Hey -- how'd you like to know an easy way to increase the cost of your direct mail fundraising -- decreasing response at the same time?
Here's how: Add a brochure to the package. It works like magic to make things worse!
Brochures almost always depress response in direct mail. (There are, no doubt, exceptions to this. But they are rare. I've never seen a brochure improve results. Or even stay even with a non-brochure mailing.)
Here's a fairly typical brochure. It was in a mailing from The International Rescue Committee. It's a good example of why brochures do exactly opposite of what we intend for them.
- Brochures aren't personal. Direct mail fundraising is all about make a person-to-person connection. Think about it: Would you consider a stranger who hands you a brochure someone likely to become a friend?
- Brochures may be distracting. Brochures have color and photos. That can draw donors away from the active ingredients you'd rather they pay attention to, such as the reply device.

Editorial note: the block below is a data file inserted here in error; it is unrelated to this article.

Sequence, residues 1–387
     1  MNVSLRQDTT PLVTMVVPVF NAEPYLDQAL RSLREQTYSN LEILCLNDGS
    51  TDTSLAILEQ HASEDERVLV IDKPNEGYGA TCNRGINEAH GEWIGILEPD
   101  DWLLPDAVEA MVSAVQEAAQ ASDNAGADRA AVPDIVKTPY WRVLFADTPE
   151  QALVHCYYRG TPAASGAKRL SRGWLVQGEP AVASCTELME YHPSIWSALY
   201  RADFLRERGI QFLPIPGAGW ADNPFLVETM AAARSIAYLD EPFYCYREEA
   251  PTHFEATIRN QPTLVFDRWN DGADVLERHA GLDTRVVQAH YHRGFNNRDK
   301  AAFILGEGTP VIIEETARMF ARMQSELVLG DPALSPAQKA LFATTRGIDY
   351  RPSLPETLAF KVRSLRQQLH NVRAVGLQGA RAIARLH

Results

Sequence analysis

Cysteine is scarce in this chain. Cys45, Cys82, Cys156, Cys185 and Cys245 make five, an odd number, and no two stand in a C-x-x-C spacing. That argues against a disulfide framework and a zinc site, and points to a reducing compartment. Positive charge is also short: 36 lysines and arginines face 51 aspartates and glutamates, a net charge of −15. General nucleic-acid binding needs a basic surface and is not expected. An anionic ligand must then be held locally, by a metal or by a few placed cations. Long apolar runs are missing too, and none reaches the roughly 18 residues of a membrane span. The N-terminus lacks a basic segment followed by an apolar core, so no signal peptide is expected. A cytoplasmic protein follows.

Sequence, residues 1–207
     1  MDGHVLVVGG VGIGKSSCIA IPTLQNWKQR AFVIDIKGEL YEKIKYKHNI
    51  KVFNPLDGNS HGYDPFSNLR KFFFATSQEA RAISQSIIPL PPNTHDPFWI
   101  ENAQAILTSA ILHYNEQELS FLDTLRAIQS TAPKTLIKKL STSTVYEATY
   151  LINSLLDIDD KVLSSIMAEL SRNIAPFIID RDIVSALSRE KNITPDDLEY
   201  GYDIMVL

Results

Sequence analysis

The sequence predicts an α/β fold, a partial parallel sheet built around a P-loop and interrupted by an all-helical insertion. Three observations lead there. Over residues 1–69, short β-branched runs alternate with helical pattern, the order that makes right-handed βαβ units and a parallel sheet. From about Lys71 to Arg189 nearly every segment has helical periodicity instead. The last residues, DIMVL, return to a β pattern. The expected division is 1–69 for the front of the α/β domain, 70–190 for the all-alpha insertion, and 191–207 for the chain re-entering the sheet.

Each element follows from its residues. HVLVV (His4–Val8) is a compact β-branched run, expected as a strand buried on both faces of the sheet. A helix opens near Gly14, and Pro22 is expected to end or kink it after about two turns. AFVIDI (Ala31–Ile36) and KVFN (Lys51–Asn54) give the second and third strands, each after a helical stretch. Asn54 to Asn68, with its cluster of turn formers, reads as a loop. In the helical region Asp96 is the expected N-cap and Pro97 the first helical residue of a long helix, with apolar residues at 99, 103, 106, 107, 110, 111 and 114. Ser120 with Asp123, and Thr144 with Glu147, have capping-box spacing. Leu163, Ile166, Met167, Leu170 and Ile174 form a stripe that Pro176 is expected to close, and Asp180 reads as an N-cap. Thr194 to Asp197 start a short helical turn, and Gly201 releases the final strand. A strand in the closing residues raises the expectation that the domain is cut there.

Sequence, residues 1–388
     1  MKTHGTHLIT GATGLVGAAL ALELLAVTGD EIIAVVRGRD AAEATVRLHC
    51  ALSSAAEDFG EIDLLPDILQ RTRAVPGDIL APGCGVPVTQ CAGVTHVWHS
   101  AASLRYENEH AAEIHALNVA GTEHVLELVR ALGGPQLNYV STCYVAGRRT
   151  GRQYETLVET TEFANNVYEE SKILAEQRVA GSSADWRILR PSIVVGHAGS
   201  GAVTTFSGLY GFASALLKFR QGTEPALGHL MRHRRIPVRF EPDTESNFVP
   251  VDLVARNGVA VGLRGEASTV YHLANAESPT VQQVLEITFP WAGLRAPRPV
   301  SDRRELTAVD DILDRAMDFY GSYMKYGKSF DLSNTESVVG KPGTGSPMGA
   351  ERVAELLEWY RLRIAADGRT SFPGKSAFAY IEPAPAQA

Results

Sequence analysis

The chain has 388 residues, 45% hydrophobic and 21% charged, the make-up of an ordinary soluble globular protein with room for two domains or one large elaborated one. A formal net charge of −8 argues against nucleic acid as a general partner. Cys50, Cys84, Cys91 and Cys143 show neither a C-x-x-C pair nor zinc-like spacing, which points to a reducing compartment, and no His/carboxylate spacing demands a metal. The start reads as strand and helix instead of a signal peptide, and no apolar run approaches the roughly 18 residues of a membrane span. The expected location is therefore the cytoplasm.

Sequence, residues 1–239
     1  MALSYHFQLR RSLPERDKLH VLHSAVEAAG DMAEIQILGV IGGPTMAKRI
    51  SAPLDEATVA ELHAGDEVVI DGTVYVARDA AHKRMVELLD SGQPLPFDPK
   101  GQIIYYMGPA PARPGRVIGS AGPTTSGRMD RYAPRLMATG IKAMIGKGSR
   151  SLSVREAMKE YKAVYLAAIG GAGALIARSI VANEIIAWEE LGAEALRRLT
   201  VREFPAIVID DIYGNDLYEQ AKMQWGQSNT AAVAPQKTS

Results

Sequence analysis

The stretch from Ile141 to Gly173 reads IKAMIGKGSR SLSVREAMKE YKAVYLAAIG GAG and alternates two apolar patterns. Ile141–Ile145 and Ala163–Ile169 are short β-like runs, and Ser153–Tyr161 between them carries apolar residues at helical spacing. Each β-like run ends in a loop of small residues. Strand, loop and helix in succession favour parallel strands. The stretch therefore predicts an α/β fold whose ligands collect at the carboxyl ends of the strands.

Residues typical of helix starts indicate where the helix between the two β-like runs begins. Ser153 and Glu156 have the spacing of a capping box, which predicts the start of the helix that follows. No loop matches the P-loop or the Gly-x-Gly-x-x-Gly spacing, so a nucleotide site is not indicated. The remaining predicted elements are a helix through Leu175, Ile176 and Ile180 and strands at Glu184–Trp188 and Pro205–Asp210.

- Brochures aren't about donors. Theoretically, they could be, but they never are. Brochures are created out of the need to puff up and explain organizations. This brochure is a prime example. It's all about the achievements of the organization -- we vaccinated, we trained, we gave, we created, we assisted, we counseled. The only you statement sneaks in on the back panel: Donations from humanitarians like you allow us to... That's bad fundraising.
If you want to improve your results, test your package with no brochure. Most likely, your numbers will improve. (And you'll lower the cost too!) I'm sure there are exceptions to this, but I've never seen a brochure that improved direct mail response.
Here's the rest of that brochure, in case you'd like to see an organizational brag-fest (click to enlarge):